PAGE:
Highly Turbocharged Gasoline Engine and Rapid Compression Machine Studies of Super-Knock 2016-01-0686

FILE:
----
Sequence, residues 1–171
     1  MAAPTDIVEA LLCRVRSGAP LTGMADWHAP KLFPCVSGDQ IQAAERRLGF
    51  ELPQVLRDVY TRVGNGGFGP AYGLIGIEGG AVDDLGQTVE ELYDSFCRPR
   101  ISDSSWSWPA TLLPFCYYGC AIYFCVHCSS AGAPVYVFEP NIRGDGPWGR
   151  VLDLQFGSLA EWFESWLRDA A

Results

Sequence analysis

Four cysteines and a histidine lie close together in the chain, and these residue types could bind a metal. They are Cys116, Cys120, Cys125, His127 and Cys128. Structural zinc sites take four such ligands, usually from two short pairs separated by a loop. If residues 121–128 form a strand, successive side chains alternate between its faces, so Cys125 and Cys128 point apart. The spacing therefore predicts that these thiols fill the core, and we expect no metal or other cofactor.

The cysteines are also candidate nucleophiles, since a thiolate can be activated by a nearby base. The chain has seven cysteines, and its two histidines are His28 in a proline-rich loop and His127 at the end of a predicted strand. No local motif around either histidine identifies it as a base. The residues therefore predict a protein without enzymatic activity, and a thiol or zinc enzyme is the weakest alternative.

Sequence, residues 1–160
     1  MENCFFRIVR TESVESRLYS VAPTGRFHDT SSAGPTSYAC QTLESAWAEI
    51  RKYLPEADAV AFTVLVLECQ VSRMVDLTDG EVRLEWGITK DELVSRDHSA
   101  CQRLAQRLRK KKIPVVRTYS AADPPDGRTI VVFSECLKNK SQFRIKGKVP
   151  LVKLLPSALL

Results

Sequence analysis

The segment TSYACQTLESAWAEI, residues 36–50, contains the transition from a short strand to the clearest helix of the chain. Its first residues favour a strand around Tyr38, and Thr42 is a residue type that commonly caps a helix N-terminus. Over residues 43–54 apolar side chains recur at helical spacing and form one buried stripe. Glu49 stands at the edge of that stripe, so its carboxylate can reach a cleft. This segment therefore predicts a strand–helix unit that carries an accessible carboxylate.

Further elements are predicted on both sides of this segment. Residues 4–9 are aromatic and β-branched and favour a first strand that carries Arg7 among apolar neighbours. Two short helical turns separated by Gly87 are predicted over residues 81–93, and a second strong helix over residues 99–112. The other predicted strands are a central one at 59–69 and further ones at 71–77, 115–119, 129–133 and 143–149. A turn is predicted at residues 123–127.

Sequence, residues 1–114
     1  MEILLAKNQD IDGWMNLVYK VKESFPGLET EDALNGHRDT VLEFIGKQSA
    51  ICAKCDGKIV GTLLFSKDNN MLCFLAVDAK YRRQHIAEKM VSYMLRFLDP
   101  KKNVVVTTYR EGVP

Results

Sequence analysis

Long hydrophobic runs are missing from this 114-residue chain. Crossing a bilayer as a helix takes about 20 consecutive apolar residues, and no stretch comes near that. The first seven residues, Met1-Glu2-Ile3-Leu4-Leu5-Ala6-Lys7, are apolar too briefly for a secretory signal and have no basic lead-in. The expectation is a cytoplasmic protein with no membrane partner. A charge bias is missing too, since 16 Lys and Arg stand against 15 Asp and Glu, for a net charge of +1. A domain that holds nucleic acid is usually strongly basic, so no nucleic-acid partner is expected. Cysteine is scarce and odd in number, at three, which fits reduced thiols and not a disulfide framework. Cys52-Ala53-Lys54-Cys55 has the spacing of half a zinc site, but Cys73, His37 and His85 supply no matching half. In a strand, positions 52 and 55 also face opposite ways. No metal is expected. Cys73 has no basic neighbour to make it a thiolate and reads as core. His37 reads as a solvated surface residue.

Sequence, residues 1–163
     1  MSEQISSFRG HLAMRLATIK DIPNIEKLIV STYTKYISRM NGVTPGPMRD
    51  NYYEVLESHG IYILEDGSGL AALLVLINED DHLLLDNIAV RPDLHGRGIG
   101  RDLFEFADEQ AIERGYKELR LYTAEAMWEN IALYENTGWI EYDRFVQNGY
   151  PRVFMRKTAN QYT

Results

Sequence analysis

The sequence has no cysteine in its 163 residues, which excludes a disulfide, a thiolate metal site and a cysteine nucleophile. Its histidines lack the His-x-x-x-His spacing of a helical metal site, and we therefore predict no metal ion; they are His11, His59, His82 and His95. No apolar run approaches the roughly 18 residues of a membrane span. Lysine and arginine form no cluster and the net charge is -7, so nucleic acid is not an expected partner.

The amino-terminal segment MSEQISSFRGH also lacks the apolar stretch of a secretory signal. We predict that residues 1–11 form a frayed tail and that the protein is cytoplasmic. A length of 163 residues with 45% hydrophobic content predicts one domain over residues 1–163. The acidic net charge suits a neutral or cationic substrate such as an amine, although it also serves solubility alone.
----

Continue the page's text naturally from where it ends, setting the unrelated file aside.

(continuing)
Super-knock has been a significant obstacle for the development of highly turbocharged (downsized) gasoline engines with spark ignition, due to the catastrophic damage super-knock can cause to the engine. According to previous research by the authors, one combustion process leading to super-knock may be described as hot-spot induced pre-ignition followed by deflagration which can induce detonation from another hot spot followed by high pressure oscillation. The sources of the hot spots which lead to pre-ignition (including oil films, deposits, gas-dynamics, etc.) may occur sporadically, which leads to super-knock occurring randomly at practical engine operating conditions. In this study, a spark plasma was used to induce preignition and the correlation between super-knock combustion and the thermodynamic state of the reactant mixture was investigated in a four-cylinder production gasoline engine. The engine experiments were complemented by rapid compression machine (RCM) experiments of iso-octane and air which also used a spark plasma to investigate the fundamental physical and chemical mechanisms of super-knock. For the engine experiments, at low-speed high-load conditions, early spark timing was used to systematically induce preignition in the range of spark timing from 8 to -50 °CA ATDC in increments of 3 °CA. The intake pressure of the fresh air charge was set at 1, 1.3, 1.6 and 1.9 bar, and for each intake air pressure, the intake temperature was set at 20 and 60 °C. The results show early spark ignition could be used to trigger pre-ignition and to induce super-knock when the mixture thermodynamic state was above a critical condition. At a constant air temperature and high intake pressure, advancing the spark timing caused transitions from normal combustion to knocking conditions, to super-knocking conditions and then back to knocking conditions and to normal combustion. The transition between knocking conditions was well correlated with the thermodynamic state at the start of the in-cylinder pressure oscillations associated with knock. At a constant temperature and naturally aspirated conditions, no matter how advanced the spark timing was, only slight knock was observed, which indicates the thermodynamic state dominates the determination of knocking or non-knocking conditions. An energy density-pressure-temperature (E-P-T) diagram was developed to define super-knock, knock and normal combustion criteria. For the RCM experiments using isooctane at stoichiometric conditions with air dilution, a spark plasma was used to simulate pre-ignition. Three compression ratios were used to create different end of compression (EOC) temperatures. For each TEOC, with increasing EOC pressure, the combustion process also transitioned from normal combustion with flame propagation, to sequential end-gas auto-ignition with pressure oscillations and then to detonation with severe pressure oscillations. The combustion processes observed in the RCM experiments and the thermodynamic states were similar to the state conditions at the start of the pressure oscillations of the constant temperature and high intake pressure engine experiments. The results indicate RCM studies can be used to investigate the physical and chemical mechanisms of super-knock and E-P-T diagrams can be used to predict and distinguish super-knock from other combustion modes.